Vamshi Rao, MD, attending physician of Neurology at Ann and Robert H. Lurie Children’s Hospital of Chicago, discusses the future of combination therapies in the spinal muscular atrophy (SMA) space.
Vamshi Rao, MD, is an attending physician of Neurology at Ann and Robert H. Lurie Children’s Hospital of Chicago and assistant professor of Pediatrics (Neurology and Epilepsy) at Northwestern University Feinberg School of Medicine.
What future do you see for combination therapies in SMA and how will they affect patient outcomes?
Rao: I think we are definitely seeing a push for combination therapies from the patient point of view but also from the scientific community in general. I think what we are struggling with, of course, is lack of data in terms of using combination therapies in the real world. We have 3 drugs approved. You would think that we would have the discretion of prescribing those drugs as a combination, but it's hard because there is no clinical trial evidence of that. So, I think most of the sponsors and pharmaceutical companies that own these drugs are looking forward to some data out there that can result in a combination product, whether it is a trial where their drug is the first to be given or whether their drug is the one that follows a drug. For example, because nusinersen [Spinraza] was approved in 2016 and most folks started with nusinersen, there are now trials looking at a whether coming in with a drug after nusinersen, such as, Zogensma [onasemnogene abeparvovec] or Evrysdi [risdiplam], would be more beneficial. More so, I think people are also looking at safety of when to use combination therapy.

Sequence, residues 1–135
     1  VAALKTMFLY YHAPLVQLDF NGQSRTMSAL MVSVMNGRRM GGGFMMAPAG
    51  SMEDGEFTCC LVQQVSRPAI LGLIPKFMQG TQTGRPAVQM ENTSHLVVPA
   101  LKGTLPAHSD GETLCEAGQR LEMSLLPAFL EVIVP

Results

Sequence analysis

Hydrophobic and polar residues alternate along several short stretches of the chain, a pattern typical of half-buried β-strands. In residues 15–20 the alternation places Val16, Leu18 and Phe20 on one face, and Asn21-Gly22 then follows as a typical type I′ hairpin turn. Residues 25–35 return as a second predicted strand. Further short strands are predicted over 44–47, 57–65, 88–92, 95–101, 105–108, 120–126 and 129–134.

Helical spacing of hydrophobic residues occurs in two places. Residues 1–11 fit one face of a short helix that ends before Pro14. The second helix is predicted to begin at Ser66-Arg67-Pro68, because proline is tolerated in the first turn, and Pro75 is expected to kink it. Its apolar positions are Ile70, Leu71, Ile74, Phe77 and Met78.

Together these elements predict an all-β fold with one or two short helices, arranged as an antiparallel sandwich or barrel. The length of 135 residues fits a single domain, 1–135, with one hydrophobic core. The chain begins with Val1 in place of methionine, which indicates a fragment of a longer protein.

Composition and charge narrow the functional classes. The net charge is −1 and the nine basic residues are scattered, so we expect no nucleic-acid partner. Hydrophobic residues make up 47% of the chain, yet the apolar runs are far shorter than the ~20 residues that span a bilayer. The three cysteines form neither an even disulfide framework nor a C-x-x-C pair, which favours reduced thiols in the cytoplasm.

Right now, there isn't much data out there, [except for] some publications, about real world experiences. A group that I work with published a paper where we looked at children who had nusinersen or Zolgensma and then got the other drug, whether it was nusinersen or Zolgensma. So, it's small studies. I don't think we can generalize results yet. Definitely, I do see that combination therapies are going to be the wave of the future and I say that because unless you have 1 drug that has been instituted early in life, that leads to a child or an individual who looks like a non-SMA child, there is going to be a quest for something better, something more. So, if you have had a drug that makes you attain motor milestones, and jumpstarts your development, but you don't reach the curve or follow the curve of development of a non-SMA trial, then there's still some scope to bridge the gap. That's where the question about what's next, whether it's a new drug or a combination of drugs, is going to happen.